You can use a jackhammer or a circular saw to cut up and remove the asphalt. However, large equipment meant for this job is necessary. Such equipment can be rented from a rental store or you can use the services of a professional.

When you hire a professional to repave your driveway, you should expect the following:

  • The professional asphalt laying company will access the wear and tear of the old asphalt.
  • Calculate the amount of work to be done, labor cost, and equipment needed.
  • Deconstruction of the old asphalt may be required, so need to prep the driveway for a new layer of asphalt.
  • The new asphalt will be then laid out, and all aspects of drainage are taken into account.

Homeowners can compare and contrast different driveway paving options.

You can watch this video to get a glimpse of the process:

Asphalt Terminologies

Terminologies are everywhere. The words in asphalt laying might be confusing. Experts advise homeowners to have a fair understanding of these terminologies to avoid being swindled or conned.

Homeowners should understand the asphalt laying process (whether new or old driveways) and terminologies if they wish to embark on a DIY project.

Here are the most common words you'll hear and what they mean:

  • Asphalt: This is a dark gooey tar-looking substance seen on roads, pavements, or driveways.
  • Asphalt Base Course: The base course is an asphalt mixture with larger stones. This mixture is laid at the very bottom.
  • Aggregates: Stones of different sizes are what are referred to as aggregates. They consist of gravel and crushed rock. The asphalt mixture contains 96% of these stones.
  • Asphalt Cement: The remaining 4% of the asphalt mixture is asphalt cement. It's a byproduct of petroleum that has a sticky look and feel.
  • Blacktop: In Asphalt laying, the term is another word for asphalt.
  • Base: The base includes the materials used before asphalt is laid. In residential driveways, the base is usually three to four inches.
  • Cracking: When asphalt is exposed to elements over time, it is said to be cracking.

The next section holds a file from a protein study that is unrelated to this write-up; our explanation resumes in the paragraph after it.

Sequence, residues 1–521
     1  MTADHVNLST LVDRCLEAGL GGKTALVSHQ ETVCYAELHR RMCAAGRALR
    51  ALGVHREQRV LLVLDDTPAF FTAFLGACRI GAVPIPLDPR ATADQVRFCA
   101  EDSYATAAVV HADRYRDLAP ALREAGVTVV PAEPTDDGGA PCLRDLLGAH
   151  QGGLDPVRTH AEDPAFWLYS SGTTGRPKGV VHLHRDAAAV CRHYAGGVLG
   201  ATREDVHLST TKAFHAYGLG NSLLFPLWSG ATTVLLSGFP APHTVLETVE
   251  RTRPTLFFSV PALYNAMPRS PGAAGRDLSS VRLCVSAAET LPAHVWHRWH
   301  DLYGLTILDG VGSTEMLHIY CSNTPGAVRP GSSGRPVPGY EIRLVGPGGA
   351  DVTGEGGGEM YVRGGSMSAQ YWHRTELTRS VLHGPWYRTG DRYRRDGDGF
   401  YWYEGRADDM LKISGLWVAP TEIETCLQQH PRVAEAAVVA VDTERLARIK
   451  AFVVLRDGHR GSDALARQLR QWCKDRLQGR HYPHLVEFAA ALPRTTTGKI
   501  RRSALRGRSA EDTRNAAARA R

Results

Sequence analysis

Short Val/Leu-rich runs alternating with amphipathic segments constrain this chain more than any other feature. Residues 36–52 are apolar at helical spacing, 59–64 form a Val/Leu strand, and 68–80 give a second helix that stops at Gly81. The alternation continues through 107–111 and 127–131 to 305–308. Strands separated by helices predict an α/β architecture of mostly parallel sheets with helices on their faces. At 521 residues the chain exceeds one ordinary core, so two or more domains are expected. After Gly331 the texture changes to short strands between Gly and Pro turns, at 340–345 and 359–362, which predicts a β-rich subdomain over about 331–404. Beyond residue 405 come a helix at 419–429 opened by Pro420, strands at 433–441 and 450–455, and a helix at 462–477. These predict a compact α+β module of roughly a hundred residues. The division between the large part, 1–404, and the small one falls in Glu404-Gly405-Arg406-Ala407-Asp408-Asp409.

Crack in the asphalt

Being conversant with the terminologies in asphalt laying helps the homeowner to understand the process better.

Maintaining An Asphalt Driveway

Asphalt driveways aren't very popular. Homeowners with asphalt driveways know that they too need maintenance.

A fresh blacktop resealing job just finished on this asphalt driveway in a suburban residential district

The first fortnight upon asphalt installation is the most critical. Fresh asphalt is very vulnerable and shouldn't be driven on. Any unprecedented pressure will destabilize and damaged the asphalt.

How can you ensure that your asphalt driveway serves you for the longest time possible? The following pointers are crucial in maintaining an asphalt driveway:

  • Don't park on it until it cures properly.
  • Don't park during the hottest hours.
  • Install asphalt during the warmer months.
  • Clean stains from thoroughly cured asphalt properly.
  • Systematically repair cracks.
  • Never leave puddles of stagnant water on your driveway.
  • After the asphalt has cured, use a high-quality seal.

Homeowners should conduct visual inspections often to ensure that the asphalt condition doesn't deteriorate.

Can You Put An Asphalt Layer On A Concrete Driveway?

Loading paving machine with asphalt

The long and short answer is yes, you can. Experts request homeowners to put into consideration some factors before putting asphalt on concrete.

Concrete isn't a stable material. Temperature fluctuations will cause the concrete to expand and contract. The expansion and contraction of concrete make it an unstable base. Cracks might appear, and that isn't ideal for asphalt laying. Asphalt needs a compact base while concrete doesn't.

These factors might not deter you, but they shouldn't be ignored. Consult a professional for guidance on how to lay asphalt on concrete if you choose to do so.

In Closing

You can upgrade your driveway by putting a fresh new coat of asphalt on the existing one. Take your time to think the project through if it's a DIY project. Invite friends over to help you and rent the necessary equipment.

A professional evaluation of your driveway is important. If your driveway needs a thorough revamping, don't hesitate to engage the services of professionals. You should let your asphalt cure well and maintain your driveway regularly.

For more insight, check out these other posts:

Can Asphalt Be Put Down In The Rain?

Can You Color Exposed Aggregate?